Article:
Friday, June 21, 2013



Alright. Saturday. Exhale.

Perched at a roadside cafe, I sip my afternoon coffee and watch as motorbikes weave through honking traffic. This is Suva, Fiji's bustling capitol city. Here, the air is thick and humid. The smell of coffee mingles with damp asphalt and gasoline. A bead of sweat slips down my neck and dampens my shirt, all beneath the bright gray sky. 


Six of us have come here to survey marine biodiversity in a newly designated marine protected area (as outlined in my previous post). Our field site is half a day's journey away, on the northern island of Vanua Levu. We can't start collecting data until we have the government's go-ahead, so we're landlocked in Suva for the next few days dealing with the bureaucratic joys of research permitting. 

To survey fishes in Fiji, it is necessary to obtain permits from the departments of education, immigration, and fisheries. It's near impossible to get these permits unless you're in-country. The Wildlife Conservation Society, one of our lab's major partners, has been a tremendous help in finagling all the legal bits. We should have all the prep finished by wednesday evening, when the next ferry to the northern island heads out.


Although I'm anxious to collect data, this dry time is necessary. In addition to obtaining permits, it gives us a chance to stock up on supplies (ethanol and dry ice to preserve tissue samples, buckets, nets, etc) and to participate in local outreach. Yesterday Dr. Drew (our primary investigator, AKA the head of this project), gave a presentation on reef preservation and community-based conservation at a local high school. We've also been invited to a 4th of July celebration at the US embassy to discuss our research with local and international representatives.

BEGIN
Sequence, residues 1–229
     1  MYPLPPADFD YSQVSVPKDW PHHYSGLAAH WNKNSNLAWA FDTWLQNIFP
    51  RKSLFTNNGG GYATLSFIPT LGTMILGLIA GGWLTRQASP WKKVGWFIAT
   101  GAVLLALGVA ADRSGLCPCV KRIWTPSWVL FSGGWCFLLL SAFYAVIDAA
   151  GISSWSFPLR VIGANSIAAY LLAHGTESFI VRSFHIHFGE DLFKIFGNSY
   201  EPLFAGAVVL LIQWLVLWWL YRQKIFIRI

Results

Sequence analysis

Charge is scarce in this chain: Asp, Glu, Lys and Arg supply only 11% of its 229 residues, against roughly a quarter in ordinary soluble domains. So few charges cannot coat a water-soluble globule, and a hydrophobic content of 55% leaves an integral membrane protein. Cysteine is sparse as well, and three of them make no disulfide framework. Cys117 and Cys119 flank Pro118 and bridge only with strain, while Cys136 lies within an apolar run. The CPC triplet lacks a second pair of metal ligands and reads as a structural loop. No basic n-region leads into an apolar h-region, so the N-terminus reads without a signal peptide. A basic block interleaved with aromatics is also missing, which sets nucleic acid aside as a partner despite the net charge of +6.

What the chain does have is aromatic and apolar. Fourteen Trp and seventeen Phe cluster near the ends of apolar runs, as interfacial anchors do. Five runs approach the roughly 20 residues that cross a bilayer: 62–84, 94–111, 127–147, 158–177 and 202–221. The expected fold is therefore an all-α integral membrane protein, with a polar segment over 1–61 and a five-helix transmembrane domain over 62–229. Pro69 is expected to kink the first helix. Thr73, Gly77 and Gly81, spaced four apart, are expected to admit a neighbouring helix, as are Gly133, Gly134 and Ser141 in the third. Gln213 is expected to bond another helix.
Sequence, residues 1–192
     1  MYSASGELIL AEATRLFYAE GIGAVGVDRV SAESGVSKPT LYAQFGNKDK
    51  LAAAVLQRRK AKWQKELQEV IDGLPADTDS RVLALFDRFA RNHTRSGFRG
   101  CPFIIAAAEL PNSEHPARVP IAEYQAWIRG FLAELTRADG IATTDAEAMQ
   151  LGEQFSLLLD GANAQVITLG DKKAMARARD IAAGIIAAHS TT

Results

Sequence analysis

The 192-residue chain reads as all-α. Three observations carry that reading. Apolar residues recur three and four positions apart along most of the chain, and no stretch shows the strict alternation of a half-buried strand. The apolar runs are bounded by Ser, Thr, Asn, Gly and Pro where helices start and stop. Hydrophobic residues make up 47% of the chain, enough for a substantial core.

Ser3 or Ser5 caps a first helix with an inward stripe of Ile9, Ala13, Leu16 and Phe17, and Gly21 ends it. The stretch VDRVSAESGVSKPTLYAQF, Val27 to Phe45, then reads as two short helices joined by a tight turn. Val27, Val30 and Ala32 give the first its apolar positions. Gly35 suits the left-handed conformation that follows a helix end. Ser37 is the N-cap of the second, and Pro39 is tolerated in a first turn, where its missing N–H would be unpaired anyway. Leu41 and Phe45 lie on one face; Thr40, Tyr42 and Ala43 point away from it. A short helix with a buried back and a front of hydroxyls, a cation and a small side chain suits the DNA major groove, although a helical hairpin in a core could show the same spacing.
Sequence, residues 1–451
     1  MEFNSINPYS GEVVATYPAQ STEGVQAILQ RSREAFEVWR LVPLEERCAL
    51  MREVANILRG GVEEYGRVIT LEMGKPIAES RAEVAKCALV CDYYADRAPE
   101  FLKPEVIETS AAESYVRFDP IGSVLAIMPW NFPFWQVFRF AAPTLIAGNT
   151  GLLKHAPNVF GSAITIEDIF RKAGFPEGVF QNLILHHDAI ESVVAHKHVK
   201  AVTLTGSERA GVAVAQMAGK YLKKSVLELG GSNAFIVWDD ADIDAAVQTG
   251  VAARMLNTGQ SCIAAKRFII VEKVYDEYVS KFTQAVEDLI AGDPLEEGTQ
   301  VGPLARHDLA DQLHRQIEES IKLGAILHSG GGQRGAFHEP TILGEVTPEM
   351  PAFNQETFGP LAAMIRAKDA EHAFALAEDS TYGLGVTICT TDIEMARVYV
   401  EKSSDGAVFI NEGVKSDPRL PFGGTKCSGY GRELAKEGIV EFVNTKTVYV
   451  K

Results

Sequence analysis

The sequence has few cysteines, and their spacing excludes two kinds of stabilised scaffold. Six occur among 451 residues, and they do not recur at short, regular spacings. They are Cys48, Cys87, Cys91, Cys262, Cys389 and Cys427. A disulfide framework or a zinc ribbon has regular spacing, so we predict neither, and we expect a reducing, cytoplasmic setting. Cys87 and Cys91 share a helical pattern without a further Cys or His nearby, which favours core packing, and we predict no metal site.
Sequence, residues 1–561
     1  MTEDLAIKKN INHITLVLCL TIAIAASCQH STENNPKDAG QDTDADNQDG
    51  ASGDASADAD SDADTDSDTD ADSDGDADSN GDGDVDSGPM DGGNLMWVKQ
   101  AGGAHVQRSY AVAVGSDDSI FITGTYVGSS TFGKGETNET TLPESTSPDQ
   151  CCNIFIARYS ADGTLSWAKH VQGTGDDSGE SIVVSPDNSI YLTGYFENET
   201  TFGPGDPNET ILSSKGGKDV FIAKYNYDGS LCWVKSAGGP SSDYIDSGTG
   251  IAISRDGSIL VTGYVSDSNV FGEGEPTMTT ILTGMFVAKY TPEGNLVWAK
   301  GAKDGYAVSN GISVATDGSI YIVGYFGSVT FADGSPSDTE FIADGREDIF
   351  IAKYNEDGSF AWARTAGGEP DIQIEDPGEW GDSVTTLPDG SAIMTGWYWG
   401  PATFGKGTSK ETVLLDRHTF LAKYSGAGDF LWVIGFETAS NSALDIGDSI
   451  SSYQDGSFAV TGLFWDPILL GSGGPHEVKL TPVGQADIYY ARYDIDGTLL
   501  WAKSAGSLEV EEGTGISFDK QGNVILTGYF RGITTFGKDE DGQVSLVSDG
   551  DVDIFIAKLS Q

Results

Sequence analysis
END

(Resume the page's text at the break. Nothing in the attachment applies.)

Yesterday, I went wandering along the seawall in Suva harbor. The bay is choked with huge freighters and international fishing vessels. Plastic bags, cans, and debris litter the shallows. Yet, even here, angelfish and seargent majors forage in the rubble. Yes, there are tremendous challenges ahead of us, but it isn't too late to protect these precious places! 

The abiding overcast is breaking up, and a hint of blue sky peeks through. I down the last of my coffee, and wonder what tomorrow will bring. 

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  1. Great outdoor photographs plus some suggestions for us to use.This is amazing. looks truly intriguing !The best :)

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